Volume 3, The Second World War: v. 3
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|Format:||Paperback / softback, 375 pages, 2nd Edition|
|Other Information: ||6 b/w illus. 6 maps 8 tables|
|Published In: ||United Kingdom, 31 August 2010|
This three-volume study examines the questions raised by the performance of the military institutions of France, Germany, Russia, the United States, Great Britain, Japan, and Italy in the period from 1914 to 1945. Leading military historians deal with the different national approaches to war and military power at the tactical, operational, strategic, and political levels. They form the basis for a fundamental re-examination of how military organizations have performed in the first half of the twentieth century. Volume 3 covers World War II. Volumes 1 and 2 address address World War I and the interwar period, respectively. Now in a new edition, with a new introduction by the editors, these classic volumes will remain invaluable for military historians and social scientists in their examination of national security and military issues. They will also be essential reading for future military leaders at Staff and War Colleges.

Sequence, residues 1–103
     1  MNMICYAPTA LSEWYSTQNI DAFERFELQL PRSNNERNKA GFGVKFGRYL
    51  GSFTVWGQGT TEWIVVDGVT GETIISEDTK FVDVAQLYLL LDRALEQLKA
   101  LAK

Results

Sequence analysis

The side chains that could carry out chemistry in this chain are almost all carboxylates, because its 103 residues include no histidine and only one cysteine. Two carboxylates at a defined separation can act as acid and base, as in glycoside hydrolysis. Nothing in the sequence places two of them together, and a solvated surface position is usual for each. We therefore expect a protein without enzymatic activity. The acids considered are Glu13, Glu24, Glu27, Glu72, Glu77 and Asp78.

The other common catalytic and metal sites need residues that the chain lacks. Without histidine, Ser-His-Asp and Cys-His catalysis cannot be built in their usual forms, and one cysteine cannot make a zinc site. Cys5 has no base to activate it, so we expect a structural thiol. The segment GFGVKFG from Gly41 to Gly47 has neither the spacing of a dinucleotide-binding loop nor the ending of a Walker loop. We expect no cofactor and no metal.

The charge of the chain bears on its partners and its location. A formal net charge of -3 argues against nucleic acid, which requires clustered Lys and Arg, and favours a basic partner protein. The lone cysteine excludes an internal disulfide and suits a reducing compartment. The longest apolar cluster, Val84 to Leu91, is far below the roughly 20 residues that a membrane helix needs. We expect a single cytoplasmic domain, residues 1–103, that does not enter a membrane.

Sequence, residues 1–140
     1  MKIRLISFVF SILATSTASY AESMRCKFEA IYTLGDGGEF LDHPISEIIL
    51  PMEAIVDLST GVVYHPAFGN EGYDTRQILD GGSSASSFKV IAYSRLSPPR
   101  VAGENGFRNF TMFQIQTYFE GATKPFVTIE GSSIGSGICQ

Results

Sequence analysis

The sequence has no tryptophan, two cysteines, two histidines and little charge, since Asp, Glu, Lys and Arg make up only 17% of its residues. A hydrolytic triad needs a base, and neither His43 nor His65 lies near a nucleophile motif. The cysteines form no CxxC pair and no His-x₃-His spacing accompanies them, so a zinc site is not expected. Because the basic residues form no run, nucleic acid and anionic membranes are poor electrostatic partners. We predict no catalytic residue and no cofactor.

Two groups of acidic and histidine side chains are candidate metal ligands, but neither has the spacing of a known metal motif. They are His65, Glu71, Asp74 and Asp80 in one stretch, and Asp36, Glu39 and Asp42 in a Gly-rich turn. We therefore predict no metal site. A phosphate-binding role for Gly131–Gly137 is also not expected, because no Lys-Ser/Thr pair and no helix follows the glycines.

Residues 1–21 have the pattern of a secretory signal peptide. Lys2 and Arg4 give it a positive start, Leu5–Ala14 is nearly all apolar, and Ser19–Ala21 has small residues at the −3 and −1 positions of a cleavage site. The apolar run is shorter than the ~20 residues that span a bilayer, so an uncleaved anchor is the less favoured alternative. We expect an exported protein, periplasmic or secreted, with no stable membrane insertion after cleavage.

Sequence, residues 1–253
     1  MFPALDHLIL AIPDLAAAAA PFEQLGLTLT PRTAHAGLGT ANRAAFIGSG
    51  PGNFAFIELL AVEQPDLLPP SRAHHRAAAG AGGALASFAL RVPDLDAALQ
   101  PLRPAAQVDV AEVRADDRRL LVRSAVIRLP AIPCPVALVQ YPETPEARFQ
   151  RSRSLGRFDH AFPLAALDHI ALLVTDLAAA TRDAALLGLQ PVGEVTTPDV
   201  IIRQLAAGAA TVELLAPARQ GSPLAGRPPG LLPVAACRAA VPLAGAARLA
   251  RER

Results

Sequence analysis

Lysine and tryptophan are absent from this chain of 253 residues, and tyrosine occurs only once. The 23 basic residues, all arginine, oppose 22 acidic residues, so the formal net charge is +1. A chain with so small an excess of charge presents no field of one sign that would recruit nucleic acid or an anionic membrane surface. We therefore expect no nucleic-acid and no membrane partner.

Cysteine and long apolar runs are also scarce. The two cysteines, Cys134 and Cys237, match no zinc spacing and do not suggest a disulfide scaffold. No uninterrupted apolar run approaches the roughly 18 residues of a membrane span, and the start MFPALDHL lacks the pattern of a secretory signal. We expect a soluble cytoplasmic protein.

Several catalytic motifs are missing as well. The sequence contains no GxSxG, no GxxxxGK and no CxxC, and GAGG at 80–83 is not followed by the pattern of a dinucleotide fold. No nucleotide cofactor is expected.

Table of Contents
Introduction: military effectiveness twenty years after Williamson Murray and Allan R. Millett; 1. The effectiveness of the Japanese military establishment in the Second World War Alvin D. Coox; 2. The United States armed forces in the Second World War Allan R. Millett; 3. British military effectiveness in the Second World War Williamson Murray; 4. The Italian armed forces, 1940-3 MacGregor Knox; 5. The dynamics of volksgemeinschaft: the effectiveness of the German military establishment in the Second World War Jurgen E. Forster; 6. Bitter victory: French military effectiveness during the Second World War Ronald Chalmers Hood III; 7. The Soviet armed forces in the Great Patriotic War, 1941-5 John E. Jessup; 8. Military effectiveness in the Second World War Earl F. Ziemke; 9. Challenge and response at the operational and tactical levels, 1914-45 Lieutenant General John H. Cushman; 10. The political and strategic dimensions of military effectiveness Russell F. Weigley.